Health and Fitness Benefits of WalkingReasons to Walk Yourself Fit!
-- By Nicole Nichols, Fitness Instructor & Health Educator
Starting a regular walking program offers numerous health and fitness benefits!
Good for your heart: Walking regularly can help reduce high blood pressure and high cholesterol, both of which contribute to heart disease.
According to the long-term Nurses' Health Study, which follows the habits and health of 72,000 female nurses, three hours of brisk walking each week (that's just 30 minutes per day) can lower a woman's risk of heart disease by 30% to 40%.
A 2001 study published in Medicine & Science in Sports and Exercise found that sedentary women with high blood pressure reduced their systolic blood pressure and body mass by walking 9,700 steps per day at a self-selected pace for 24 weeks.
- Harvard researchers looked at 11,000 men and determined that one hour of regular, moderate exercise (equivalent to brisk walking), done five days a week, may cut a man's risk of stroke in half.
Consistent activity, like walking, reduces one's risk of hip fracture, according to a study of more than 30,000 men and women ages 20 to 93.
- A review of 24 studies on aerobic exercise and bone mineral density in women suggests that walking just 30 minutes per day a few times a week is enough to increase bone density by a moderate amount (about two percent) compared to non-exercisers. Walking was the preferred form of exercise by most participants.
A study published in the International Journal of Obesity suggested that 30 minutes of walking on most days of the week may be as beneficial for weight loss as 60 minutes of walking (in combination with diet).
Researchers from the Center for Human Nutrition at the University of Colorado Health Sciences Center say that simply walking for 15 minutes (or about 2,000 steps) and eating a couple fewer bites of food can help you prevent future weight gain. Want to get an idea of the distance you would have to walk to get 2,000 steps in? Why not take five minutes and figure it out?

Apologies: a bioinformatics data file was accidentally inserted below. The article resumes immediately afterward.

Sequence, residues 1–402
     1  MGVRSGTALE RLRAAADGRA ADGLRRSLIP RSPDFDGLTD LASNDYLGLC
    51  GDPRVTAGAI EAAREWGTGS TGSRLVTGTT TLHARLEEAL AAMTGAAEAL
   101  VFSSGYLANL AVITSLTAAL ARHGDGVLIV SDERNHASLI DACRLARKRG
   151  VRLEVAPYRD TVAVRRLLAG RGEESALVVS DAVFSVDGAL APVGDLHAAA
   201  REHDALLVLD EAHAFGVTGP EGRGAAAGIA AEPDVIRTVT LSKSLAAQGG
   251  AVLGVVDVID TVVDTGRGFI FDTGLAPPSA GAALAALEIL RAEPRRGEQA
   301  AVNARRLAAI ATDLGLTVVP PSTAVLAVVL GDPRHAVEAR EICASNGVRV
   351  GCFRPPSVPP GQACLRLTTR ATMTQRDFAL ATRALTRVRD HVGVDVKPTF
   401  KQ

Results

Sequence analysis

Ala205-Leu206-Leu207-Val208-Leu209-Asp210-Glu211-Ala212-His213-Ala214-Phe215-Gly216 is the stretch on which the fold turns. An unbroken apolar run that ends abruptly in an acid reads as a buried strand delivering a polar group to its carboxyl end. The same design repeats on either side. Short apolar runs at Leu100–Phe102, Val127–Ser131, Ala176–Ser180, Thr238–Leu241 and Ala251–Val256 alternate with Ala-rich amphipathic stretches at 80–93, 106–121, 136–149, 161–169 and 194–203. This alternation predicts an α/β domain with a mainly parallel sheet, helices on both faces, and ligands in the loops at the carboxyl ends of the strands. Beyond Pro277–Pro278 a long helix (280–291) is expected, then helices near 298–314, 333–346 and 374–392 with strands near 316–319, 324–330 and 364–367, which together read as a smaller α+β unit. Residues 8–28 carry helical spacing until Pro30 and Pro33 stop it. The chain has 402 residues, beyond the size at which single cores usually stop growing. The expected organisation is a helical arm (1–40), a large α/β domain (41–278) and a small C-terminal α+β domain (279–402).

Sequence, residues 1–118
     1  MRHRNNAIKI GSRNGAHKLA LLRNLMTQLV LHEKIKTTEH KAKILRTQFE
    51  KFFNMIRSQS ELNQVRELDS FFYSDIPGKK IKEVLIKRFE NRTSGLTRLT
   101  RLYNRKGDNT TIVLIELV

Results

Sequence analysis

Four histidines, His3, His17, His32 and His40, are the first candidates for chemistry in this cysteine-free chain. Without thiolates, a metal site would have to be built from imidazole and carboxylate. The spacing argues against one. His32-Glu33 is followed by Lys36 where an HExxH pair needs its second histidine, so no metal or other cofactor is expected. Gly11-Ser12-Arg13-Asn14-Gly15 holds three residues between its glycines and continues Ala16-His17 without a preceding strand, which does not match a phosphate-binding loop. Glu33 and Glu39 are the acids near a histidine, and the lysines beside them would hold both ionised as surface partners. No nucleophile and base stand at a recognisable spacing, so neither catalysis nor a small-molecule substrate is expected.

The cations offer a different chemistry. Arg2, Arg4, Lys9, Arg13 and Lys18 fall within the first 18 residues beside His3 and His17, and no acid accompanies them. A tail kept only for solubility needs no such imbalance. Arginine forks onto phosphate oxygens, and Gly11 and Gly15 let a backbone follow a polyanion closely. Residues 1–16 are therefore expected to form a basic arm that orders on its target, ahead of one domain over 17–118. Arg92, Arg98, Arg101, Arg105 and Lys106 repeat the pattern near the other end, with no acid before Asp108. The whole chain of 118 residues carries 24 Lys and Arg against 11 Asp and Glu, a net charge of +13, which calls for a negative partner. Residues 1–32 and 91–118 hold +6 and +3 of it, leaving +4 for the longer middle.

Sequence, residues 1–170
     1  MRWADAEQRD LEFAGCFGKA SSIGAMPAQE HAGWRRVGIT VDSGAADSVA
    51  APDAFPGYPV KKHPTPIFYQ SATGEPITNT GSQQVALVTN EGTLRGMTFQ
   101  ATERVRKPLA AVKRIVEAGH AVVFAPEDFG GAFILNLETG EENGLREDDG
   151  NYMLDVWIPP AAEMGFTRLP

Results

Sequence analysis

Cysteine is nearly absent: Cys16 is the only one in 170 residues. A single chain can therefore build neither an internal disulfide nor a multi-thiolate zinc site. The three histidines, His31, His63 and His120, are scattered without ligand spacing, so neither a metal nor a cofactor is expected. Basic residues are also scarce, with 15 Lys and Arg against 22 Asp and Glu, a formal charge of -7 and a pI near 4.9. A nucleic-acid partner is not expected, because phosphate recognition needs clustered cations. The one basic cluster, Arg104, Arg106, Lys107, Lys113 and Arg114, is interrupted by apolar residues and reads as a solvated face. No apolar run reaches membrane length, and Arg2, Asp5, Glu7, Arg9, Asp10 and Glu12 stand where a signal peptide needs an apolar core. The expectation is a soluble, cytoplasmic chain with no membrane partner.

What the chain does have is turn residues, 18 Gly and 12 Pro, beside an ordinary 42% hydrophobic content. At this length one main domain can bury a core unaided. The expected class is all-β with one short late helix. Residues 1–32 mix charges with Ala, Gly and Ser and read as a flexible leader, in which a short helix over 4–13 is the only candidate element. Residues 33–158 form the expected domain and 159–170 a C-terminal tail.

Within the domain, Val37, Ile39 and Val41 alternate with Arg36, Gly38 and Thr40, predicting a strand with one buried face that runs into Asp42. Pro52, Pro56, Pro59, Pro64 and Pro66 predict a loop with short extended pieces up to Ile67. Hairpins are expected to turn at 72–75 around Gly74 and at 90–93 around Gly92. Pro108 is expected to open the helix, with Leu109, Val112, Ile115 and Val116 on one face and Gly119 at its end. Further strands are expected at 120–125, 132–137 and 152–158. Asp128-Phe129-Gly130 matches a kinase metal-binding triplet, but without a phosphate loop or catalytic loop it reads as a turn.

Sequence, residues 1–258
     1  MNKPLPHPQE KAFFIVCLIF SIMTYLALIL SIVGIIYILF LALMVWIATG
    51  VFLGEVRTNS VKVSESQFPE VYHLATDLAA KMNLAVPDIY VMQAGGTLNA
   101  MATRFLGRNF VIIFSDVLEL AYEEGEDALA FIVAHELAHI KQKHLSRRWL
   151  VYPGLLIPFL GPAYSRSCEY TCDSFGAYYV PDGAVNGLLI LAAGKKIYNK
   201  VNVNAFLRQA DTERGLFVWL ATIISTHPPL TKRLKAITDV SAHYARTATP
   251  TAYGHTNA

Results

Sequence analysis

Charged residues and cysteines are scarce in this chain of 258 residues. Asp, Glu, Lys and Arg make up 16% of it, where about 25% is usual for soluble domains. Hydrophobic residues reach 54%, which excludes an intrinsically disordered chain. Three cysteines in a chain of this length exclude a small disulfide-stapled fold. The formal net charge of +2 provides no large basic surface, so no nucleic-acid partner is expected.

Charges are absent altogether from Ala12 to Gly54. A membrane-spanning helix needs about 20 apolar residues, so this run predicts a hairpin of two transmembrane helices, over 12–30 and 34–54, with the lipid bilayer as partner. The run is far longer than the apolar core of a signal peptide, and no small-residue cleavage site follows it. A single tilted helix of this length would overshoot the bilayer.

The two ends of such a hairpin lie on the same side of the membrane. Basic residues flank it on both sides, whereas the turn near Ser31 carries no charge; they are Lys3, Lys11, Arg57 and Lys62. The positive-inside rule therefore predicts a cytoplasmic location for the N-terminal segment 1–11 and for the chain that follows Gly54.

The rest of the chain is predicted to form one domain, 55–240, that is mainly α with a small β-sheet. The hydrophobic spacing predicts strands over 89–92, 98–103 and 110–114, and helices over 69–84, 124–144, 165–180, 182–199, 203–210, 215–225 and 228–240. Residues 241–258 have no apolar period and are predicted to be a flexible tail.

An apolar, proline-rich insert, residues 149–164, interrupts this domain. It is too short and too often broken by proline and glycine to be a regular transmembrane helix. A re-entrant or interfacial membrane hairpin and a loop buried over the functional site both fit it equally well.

- Without changing diet, a review of pedometer-based walking programs found that participants who take 2,000 to 4,000 steps per day (that's about 1 to 2 miles) can still expect modest weight loss (about five pounds per year).
Sedentary women who engaged in a walking program reported improved mental and emotional satisfaction and a decrease in stress, according to a Journal of Holistic Nursing article published in 2006.
Women & Health published another study that measured 128 sedentary, ethnic-minority women. Researchers found that participants who walked more reported increases in positive mental health and well being.
- Another of 124 sedentary older adults found that those started walking for 45 minutes three times per week for six months performed substantially better on several cognitive tasks than those who did stretching or strengthening exercises. Researchers, whose study was published in Nature, think that their improved cardiorespiratory fitness increased blood flow to the brain, which helped improve brain function.